This guest post from Erin Lowry. Erin is the founder of Broke Millennial, where her sarcastic sense of humor entertains and educates her peers about finances. Erin lives and works in New York City, so she’s developed quite the knack for finding deals and free events.
At the tender age of 18 I opened a letter from my bank to find my first credit card. I peeled the card off the letter and took a moment to stare in awe at this powerful little piece of plastic that suddenly offered me access to money.
This was 2007, pre-Credit CARD Act of 2009, when all a college student had to do to get a credit card was head down to the local back — or in some ghastly cases walk through vendor tables set up during orientation days. Students scribbled down their information in exchange for a free t-shirt or water bottle and gleefully received plastic cards that seemingly offered “free money.”
After calling to activate my card I suddenly heard my father’s voice in my head, “It’s important you have a credit card. It will help you build credit for life after college, but in order to do so, you must use it responsibly.”
“Responsibly” my father had explained, meant never exceeding my credit limit. It required that I pay off my card on time – and in full – each month with no exceptions. It meant not signing up for every credit card deal that would be offered to me, no matter how many frequent flyer miles or ridiculously high limits they tried to lure me in with.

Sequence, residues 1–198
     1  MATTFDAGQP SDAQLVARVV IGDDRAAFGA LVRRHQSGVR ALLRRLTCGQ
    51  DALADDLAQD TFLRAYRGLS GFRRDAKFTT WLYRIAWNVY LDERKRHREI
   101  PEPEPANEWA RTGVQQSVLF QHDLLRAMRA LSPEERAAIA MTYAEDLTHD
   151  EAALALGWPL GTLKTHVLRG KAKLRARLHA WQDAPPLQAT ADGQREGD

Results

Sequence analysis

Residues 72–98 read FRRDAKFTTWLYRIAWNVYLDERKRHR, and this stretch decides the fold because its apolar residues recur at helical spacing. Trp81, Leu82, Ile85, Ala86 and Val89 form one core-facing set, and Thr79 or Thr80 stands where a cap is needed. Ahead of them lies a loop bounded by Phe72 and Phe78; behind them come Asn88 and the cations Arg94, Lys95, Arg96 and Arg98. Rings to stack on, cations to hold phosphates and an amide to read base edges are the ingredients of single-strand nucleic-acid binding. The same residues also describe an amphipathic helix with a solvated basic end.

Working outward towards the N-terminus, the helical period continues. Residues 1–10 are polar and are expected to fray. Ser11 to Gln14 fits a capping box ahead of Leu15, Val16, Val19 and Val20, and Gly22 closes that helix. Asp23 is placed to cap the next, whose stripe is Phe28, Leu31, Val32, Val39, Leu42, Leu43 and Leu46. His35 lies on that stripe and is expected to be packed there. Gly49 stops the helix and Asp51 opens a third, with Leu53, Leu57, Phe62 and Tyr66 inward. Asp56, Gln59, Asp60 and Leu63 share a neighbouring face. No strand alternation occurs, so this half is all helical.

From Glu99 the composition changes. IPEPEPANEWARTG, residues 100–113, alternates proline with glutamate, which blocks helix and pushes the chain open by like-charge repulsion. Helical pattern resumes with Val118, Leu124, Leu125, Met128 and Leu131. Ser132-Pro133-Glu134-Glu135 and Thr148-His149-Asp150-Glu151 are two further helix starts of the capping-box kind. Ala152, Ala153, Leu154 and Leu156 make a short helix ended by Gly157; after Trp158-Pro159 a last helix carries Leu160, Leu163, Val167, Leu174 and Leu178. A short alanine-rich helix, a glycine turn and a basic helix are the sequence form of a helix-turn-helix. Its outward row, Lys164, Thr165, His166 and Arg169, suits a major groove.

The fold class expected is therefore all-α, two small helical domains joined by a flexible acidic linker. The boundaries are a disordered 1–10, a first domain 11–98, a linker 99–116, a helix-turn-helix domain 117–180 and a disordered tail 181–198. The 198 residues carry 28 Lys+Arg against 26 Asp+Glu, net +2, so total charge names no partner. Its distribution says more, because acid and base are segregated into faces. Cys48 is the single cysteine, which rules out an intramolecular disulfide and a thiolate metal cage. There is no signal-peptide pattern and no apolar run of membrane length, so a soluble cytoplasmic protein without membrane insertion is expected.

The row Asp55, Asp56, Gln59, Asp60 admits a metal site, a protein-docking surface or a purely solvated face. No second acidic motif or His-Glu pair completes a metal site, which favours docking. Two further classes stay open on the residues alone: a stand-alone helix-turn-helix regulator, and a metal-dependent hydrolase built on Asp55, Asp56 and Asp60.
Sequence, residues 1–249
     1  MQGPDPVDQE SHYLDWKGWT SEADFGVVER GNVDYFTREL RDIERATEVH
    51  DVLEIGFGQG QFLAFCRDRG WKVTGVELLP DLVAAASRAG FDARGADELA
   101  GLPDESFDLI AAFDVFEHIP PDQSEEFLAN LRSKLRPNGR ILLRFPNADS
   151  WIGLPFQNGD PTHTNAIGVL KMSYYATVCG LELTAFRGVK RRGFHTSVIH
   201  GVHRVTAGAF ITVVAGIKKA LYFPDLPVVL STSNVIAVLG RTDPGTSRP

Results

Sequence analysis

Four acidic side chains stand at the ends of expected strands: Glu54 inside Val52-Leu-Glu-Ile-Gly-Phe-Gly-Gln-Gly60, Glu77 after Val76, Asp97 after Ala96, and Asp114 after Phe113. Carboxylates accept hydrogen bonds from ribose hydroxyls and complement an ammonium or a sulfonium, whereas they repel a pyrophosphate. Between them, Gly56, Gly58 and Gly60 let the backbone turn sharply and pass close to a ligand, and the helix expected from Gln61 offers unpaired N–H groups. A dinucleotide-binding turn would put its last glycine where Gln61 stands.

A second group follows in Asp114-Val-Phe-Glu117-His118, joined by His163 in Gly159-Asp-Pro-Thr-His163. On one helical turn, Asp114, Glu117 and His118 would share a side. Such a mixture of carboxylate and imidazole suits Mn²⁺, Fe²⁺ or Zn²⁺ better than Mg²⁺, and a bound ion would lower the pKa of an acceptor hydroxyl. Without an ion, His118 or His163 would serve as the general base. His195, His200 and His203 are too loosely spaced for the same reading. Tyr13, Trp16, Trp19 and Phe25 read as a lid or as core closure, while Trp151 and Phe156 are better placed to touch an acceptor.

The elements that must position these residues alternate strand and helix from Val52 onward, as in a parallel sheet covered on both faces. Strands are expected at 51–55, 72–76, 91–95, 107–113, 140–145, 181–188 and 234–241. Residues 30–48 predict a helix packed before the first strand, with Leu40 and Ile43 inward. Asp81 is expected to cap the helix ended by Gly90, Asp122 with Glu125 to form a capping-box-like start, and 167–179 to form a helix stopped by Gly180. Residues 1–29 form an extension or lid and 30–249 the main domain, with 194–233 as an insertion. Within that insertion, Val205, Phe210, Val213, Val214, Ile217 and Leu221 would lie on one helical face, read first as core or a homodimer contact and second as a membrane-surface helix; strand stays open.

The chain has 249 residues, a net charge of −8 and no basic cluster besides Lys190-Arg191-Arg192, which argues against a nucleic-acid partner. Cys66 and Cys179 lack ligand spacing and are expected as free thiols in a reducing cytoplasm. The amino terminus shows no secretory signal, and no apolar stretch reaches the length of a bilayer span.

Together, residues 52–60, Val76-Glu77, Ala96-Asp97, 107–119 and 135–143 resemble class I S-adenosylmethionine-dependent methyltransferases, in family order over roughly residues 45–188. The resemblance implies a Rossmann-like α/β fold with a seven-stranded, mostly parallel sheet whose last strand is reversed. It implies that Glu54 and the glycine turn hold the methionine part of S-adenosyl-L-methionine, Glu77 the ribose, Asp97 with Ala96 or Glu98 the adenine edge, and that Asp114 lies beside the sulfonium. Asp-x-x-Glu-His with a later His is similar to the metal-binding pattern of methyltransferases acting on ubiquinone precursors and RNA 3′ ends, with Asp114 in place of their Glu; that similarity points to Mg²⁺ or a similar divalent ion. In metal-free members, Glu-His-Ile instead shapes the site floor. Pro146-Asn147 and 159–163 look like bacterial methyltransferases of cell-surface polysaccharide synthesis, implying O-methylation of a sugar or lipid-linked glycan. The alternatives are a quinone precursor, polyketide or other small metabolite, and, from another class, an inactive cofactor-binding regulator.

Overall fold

Taking his words to heart I used my credit card sparingly my first year in college. Once a month I’d charge an affordable purchase to the card, like filling up my gas tank, and pay it off on time and in full. As the year’s progressed, I became comfortable charging more than $30 or $50 a month – but always ensuring I would be able to pay off the card in full when the bill was due.
Unfortunately, plenty of parents, teachers and peers spread myths about credit cards and credit scores. They may suggest carrying a balance, claiming it helps with your credit score. Or conversely, they warn to never get a credit card in college because it’s too tempting to rack up debt. Both schools of thought do a disservice to millennials. Carrying a balance does nothing more than rack up interest. Failure to own a credit card keeps you from developing your credit score.
In Experian’s recently published study, millennials need the most guidance when it comes to handling credit. As a generation, we’re not only over-utilizing our credit cards, but more than 50% of us are failing to pay our bills on time. Late payments result in more money owed in interest and lowers credit scores.
Instead of creating yet another stereotype about millennials – it’s time to reverse these trends and become a fiscally responsible generation. Credit cards offer a simple solution for building credit and learning to budget your money, but only if you’re using them responsibly. Set reminders for when bills are due. It’s easy — there’s even an app for that. Create a weekly (or monthly) budget and ensure you don’t charge more to your card than is allocated in your budget. And whatever you do, don’t pay off your student loan bills on a credit card.
Credit cards don’t create bad habits, lack of awareness about your financial situation creates money problems. When properly utilized, credit cards can help you achieve financial goals — and get you those sweet rewards. Hey, we’re millennials – we all want trophies and rewards for good behavior.